Waterford annexes farm for new development that neighbors fear will disrupt their lifestyle

Waterford annexes farm for new development that neighbors fear will disrupt their lifestyle

WATERFORD — Village officials have agreed to annex a 65-acre farm from the neighboring Town of Waterford despite loud opposition from town residents who are concerned about development plans for the site.

Several town residents spoke out Monday during a Waterford Village Board meeting on plans for transforming the DeGrave family farm into about 150 homes and apartments at Big Bend Road and Kramer Road.

Village Board members voted unanimously to annex the property and move forward with the development, while offering assurances that the project could be adjusted to mitigate neighbors’ concerns.

It is the first significant annexation since town leaders worked unsuccessfully to incorporate as a village in an effort to better fortify their borders against unwanted annexations.

A near-capacity crowd that included town officials and residents Monday filled the Village Board chambers, with nobody stepping forward to express support for the DeGrave farm proposal.

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Town residents objected to the annexation, but mostly they expressed fears that congestion and disruption would follow if the farm were transformed, as proposed, into a new residential neighborhood with 150 families.

“All I see is more bedrooms, more bedrooms, more bedrooms,” neighbor Andi Addis said. “We’re just creating a bigger bedroom community.”

Village President Don Houston assured the crowd that village officials would give careful consideration to issues such as traffic management and water capacity before weighing final approval for the development.

Noting that he himself lives not far from the site, Houston said, “It’s not like I’m doing this in someone else’s backyard.”

Video shows the moment lightning struck the popular Waterford tavern Spanky’s Sports Bar and Grill on a busy Friday night.

Located at 4620 S. Loomis Road, the farm property sits on the northern border of the Village of Waterford, straddling Loomis Road in a rectangular-shaped site just east of the Fox River.

The property is owned by a trust named for Albert and Martha DeGrave, both of whom are deceased.

The DeGrave family requested annexation from the town into the village so they could sell the farm to Neumann Developments Inc. The Pewaukee-based developer has unveiled plans for redeveloping the site with 88 new single-family homes and 60 multi-family apartment units.

As presented, the project would generate an estimated $45 million to $50 million in new taxable value for the village.

Neumann Developments officials were in attendance for Monday’s meeting, although they did not address the board.

After hearing from about a dozen opponents, the seven-member Village Board unanimously approved the annexation first and then approved the rezoning for the development.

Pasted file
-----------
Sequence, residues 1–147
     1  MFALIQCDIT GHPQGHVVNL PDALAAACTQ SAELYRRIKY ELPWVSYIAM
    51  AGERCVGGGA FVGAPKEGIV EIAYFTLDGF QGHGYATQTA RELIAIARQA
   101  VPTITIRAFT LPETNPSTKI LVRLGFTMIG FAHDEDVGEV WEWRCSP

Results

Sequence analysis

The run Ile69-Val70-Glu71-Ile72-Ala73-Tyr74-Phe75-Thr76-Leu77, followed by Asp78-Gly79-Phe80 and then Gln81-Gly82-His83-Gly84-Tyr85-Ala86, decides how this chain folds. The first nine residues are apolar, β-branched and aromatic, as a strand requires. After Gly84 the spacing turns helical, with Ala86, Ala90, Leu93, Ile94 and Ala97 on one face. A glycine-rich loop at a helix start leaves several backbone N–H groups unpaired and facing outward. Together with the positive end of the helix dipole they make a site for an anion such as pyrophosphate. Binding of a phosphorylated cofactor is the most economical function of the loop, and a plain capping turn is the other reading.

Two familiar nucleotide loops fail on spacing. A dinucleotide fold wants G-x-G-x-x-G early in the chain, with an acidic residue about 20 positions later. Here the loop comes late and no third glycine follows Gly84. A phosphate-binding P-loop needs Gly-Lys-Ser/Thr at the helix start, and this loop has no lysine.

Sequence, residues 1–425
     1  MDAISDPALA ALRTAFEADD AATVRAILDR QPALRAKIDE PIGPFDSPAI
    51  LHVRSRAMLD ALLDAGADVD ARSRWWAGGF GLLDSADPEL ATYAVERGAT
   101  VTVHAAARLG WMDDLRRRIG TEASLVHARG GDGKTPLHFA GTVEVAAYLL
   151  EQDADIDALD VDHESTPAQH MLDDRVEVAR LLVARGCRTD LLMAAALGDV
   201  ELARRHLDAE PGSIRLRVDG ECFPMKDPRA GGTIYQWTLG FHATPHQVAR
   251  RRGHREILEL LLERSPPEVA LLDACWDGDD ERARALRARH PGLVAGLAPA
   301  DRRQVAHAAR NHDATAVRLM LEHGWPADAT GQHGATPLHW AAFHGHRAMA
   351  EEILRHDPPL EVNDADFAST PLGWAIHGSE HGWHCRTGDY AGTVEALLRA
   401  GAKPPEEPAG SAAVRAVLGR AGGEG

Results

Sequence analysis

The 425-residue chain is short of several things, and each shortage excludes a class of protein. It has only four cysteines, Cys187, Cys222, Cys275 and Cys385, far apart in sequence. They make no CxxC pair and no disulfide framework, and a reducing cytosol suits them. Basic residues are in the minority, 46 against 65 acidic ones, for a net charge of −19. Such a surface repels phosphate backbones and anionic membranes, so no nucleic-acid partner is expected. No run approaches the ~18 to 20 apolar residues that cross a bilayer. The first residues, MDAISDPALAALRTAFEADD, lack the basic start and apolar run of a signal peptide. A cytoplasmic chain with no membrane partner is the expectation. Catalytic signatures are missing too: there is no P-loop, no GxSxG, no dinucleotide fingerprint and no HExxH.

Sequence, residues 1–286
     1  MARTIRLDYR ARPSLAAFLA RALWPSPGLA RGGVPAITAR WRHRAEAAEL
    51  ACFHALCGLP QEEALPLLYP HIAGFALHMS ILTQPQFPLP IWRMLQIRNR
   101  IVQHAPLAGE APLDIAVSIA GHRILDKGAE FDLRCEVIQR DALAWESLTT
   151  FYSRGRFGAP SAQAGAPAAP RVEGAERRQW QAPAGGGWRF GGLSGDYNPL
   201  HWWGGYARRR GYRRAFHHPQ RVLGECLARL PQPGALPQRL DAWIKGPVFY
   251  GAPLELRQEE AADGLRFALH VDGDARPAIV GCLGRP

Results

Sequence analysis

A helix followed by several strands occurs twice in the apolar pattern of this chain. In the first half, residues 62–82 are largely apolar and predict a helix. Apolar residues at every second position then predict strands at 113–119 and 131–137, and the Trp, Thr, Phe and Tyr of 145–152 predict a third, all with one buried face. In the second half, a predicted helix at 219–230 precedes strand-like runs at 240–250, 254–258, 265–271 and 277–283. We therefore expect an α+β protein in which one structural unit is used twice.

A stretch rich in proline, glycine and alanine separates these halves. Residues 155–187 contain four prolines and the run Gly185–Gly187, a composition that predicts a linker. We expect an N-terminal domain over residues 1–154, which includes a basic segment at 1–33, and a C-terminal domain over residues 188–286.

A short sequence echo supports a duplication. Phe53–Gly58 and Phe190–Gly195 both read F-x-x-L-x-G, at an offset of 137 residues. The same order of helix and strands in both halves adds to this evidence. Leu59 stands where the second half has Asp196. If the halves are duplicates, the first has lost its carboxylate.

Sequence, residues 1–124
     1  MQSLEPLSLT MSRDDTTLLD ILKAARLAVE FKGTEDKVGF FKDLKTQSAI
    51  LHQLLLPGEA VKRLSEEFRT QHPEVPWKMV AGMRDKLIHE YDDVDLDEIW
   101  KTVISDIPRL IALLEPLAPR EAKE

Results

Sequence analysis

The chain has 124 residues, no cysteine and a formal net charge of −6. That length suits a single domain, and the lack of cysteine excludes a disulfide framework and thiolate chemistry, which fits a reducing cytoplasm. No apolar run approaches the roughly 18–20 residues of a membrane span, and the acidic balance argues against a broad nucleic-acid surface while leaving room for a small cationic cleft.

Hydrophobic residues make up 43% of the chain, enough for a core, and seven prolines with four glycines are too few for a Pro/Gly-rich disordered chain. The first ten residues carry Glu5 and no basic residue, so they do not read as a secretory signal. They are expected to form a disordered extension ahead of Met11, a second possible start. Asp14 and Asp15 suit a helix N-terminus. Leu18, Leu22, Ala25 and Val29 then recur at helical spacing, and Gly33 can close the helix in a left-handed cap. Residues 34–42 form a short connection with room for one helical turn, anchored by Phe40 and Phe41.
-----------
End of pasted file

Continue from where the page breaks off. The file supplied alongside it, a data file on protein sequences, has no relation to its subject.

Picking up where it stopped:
Village Administrator Zeke Jackson said the number of homes and apartments could change. The village must complete studies on traffic patterns and other issues before the development plans are finalized, Jackson said.

“Things are likely going to move around to some degree,” he said.

The development firm has previously said annexation is necessary so that the homes and apartments can access the village’s municipal water and sewer systems rather than relying on groundwater wells and septic tanks in the town.

Town officials sought to block such annexations with a two-year effort to incorporate as the Village of Tichigan. But state regulators rejected the incorporation bid in October 2021, ruling that town officials had failed to meet state standards for creating a new village.

In arguing Monday against the DeGrave farm annexation and development, town residents said they are concerned about losing the area’s rural atmosphere and facing a surge in population.

Resident Sarita Schraeder said the area already faces shortages of teachers and child care providers — problems that she said could worsen as more families move in.

“Do we want to bring in a bunch of people that we can’t even take care of?” she asked.

Another resident, Chris Kendziora, spoke out against the developer’s plan for five apartment buildings, each with 12 apartments. Rather than single-family homeowners, Kendziora said, apartment renters bring no pride of ownership to a community.

“That’s not a great look for around here,” he said. “I beg you to reconsider.”

Resident Mike Sossaman drew applause from the crowd when he urged Village Board members to postpone annexing the property until they address questions about whether the development is plausible.

Sossaman said he moved to the Waterford area for a rural lifestyle. Allowing the DeGrave farm to be redeveloped for 150 new families, Sossaman said, could disturb the area with traffic, congestion and pollution.

“This is prime farmland,” he said. “The whole purpose of that is to preserve what this community is about.”

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